With a rent payment of $90 borrowed from a friend, Flanagan opened his first boys’ home on December 12, 1917 in an old Victorian mansion. Flanagan’s archbishop allowed Flanagan to focus on the boys’ home and assigned nuns to help him.
The first five boys were homeless newsboys, wards of the court. Many other boys followed, also sent by the court. However, there were others who came on their own as well.
This first home was quickly filled with 50 boys, and Father Flanagan had to turn many others away. Father Flanagan knew the need was much greater than this house could hold. In 1918, they moved to a much larger home called the German American Home. One hundred and fifty boys could live in this new home. Father Flanagan now had room to pursue education with the boys, something he knew was very important to their success. Father Flanagan and the nuns would teach in the parlors (living rooms) of the home.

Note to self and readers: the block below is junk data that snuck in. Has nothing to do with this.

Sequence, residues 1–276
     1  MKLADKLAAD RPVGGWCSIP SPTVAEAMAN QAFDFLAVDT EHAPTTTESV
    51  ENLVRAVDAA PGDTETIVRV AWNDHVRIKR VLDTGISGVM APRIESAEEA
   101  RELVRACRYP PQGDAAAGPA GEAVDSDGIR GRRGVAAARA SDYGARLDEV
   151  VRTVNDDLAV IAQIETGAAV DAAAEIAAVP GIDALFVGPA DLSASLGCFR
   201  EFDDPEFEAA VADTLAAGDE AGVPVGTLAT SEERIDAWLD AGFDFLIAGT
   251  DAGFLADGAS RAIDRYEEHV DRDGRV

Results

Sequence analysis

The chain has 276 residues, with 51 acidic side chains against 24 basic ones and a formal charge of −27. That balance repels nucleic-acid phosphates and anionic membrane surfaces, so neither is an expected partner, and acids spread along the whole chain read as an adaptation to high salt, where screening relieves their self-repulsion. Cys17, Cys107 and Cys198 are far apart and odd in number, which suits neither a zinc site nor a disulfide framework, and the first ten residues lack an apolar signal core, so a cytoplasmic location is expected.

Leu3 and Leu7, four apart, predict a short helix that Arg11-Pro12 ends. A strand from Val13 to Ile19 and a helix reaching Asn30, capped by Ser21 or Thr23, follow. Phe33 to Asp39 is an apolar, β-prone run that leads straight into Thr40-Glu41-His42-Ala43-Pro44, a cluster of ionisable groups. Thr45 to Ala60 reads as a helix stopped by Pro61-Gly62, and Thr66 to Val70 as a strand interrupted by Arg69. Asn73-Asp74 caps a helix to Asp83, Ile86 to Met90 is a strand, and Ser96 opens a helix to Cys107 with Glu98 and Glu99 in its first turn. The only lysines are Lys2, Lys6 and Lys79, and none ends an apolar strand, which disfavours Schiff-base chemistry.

Newsboys sold issues and subscriptions of Father Flanagan’s Boy’s Home Journal, which was published once a month at the cost of 10¢ per issue. The Journal had news about the boys’ activities as well as recipes, jokes, and home remedies, along with a column written by Father Flanagan.